10. The runoff this year seemed to reverse many of the stream improvements put in place. A neighbor of ours once commented that you’ll be lucky to stay even with winter, but you won’t get ahead. I don’t know how the high water affected the fishing as the water was high in the creek until mid-July, and then not very productive in other parts of the creek. I’m still not used to catching the occasional 5 pound fish that obviously didn’t grow that large in the creek. I remain a fan of the smaller natives that need some fishing skill to catch. The new lodge/house being constructed is magnificent, but the weather has taken a toll on the uncovered structure. I wonder if it will every get finished. I miss not being able to walk the property, but maybe the owner will tolerate some visitors if he gets lonely in the future. It never seemed to me that Pinecliffe would be a center of flyfishing in the US, but creative minds have done wonders with a marginal property. Have to hand it to them, the place is certainly far less trashed than when Dirk owned it. Sorry for Jay Biddle and his family……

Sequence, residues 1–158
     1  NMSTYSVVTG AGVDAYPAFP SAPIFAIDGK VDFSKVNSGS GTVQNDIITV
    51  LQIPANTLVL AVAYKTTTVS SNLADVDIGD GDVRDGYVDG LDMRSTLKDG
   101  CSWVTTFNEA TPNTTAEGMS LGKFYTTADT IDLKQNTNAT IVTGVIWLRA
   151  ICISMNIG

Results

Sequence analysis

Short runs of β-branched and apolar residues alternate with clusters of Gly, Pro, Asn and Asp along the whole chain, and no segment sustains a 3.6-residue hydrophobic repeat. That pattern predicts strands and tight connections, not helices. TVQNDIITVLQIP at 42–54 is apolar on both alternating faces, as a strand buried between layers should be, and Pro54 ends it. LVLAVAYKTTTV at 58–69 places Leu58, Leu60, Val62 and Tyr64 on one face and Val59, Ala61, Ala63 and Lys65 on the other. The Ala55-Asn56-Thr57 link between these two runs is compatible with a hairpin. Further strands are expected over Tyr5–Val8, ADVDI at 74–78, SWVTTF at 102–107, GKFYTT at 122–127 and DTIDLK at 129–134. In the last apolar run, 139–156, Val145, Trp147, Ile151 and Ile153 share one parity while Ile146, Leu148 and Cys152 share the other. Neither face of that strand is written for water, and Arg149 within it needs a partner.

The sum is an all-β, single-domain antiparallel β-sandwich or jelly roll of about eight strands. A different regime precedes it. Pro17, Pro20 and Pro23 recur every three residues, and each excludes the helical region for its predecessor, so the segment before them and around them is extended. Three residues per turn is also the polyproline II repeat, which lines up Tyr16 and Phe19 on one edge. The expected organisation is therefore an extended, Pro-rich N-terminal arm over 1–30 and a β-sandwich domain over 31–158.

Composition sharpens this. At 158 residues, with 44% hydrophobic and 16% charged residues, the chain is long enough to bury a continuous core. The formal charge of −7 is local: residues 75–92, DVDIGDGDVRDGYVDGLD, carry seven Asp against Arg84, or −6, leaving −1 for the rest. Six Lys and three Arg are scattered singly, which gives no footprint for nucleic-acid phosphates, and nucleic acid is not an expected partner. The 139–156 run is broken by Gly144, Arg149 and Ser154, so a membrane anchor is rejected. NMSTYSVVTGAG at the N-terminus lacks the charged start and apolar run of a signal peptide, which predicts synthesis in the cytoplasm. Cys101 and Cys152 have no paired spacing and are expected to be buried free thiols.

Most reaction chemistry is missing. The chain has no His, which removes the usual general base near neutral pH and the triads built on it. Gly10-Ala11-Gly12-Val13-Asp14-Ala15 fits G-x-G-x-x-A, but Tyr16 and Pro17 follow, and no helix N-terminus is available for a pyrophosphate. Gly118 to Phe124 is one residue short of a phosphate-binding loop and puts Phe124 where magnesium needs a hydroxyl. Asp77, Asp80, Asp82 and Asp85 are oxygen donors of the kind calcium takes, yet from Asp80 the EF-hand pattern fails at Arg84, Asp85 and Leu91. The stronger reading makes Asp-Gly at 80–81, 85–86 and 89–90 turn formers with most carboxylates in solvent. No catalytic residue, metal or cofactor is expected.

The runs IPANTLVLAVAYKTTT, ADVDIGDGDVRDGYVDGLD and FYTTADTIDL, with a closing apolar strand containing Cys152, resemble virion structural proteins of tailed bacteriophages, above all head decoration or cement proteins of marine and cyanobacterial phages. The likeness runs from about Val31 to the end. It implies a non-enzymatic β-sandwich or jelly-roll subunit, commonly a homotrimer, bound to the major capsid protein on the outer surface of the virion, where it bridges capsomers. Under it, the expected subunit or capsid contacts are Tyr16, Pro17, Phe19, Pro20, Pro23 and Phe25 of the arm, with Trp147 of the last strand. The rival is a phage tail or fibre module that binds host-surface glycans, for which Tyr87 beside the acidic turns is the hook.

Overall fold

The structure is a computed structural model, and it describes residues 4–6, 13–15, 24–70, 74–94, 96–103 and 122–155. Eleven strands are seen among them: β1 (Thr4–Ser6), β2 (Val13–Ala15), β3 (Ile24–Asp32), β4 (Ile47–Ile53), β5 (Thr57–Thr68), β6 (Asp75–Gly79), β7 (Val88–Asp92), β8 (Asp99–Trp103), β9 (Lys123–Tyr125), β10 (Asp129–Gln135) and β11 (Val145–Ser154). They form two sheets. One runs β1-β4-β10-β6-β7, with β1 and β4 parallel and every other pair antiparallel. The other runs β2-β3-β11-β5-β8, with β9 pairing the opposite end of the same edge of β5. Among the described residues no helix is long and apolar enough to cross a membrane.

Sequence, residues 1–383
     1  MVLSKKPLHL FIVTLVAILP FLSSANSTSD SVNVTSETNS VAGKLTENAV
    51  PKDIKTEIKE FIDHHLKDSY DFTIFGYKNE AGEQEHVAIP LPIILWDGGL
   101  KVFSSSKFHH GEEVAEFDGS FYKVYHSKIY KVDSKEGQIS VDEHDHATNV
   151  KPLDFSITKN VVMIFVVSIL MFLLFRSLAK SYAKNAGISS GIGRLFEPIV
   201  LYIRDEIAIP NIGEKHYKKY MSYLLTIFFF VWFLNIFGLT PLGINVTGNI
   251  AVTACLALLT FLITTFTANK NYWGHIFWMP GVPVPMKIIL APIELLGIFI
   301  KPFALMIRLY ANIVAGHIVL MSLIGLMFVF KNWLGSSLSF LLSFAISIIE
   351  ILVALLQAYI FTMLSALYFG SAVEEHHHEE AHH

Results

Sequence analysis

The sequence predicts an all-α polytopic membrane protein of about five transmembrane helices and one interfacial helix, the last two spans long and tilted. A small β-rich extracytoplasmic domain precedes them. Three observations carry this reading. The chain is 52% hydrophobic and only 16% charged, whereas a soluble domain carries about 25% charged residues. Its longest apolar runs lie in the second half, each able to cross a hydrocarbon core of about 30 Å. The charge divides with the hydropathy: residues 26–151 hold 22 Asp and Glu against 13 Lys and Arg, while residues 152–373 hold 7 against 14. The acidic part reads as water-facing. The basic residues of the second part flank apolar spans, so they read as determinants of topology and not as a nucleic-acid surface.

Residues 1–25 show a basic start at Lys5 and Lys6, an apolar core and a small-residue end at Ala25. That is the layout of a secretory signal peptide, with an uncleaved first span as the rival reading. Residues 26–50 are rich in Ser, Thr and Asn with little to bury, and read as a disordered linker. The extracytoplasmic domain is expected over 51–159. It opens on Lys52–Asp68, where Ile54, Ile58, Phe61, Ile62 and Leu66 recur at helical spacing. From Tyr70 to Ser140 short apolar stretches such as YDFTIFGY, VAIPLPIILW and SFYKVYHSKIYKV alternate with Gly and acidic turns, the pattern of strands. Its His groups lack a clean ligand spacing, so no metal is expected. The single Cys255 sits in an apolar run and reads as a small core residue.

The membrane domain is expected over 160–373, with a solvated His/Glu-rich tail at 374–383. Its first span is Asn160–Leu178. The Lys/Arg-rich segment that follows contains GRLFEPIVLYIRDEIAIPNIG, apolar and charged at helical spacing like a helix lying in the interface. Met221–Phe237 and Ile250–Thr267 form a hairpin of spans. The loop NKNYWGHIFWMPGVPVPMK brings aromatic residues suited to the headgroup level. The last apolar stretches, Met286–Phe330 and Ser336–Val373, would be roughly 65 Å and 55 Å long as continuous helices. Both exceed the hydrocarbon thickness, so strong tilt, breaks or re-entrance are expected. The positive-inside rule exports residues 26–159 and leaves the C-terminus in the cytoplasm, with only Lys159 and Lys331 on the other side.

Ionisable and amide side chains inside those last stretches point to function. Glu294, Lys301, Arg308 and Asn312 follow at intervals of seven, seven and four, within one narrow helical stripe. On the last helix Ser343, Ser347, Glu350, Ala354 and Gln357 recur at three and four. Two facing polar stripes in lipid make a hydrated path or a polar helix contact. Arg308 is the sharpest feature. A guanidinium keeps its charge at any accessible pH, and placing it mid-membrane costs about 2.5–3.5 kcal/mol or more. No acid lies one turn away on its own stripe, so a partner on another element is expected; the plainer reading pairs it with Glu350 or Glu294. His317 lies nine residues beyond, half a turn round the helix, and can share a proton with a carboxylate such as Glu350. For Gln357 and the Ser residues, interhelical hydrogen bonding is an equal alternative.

11. If anyone is interested, I’m the great granddaughter of the Farrell’s that lived at Pactolus Lake. My mother and especially her brother, know a decent amount of the history. I vaguely remember ice skating on the lake as a very small child. It was a wonderful place with wonderful people. I’d be happy to put anyone interested in touch with either my mom or uncle….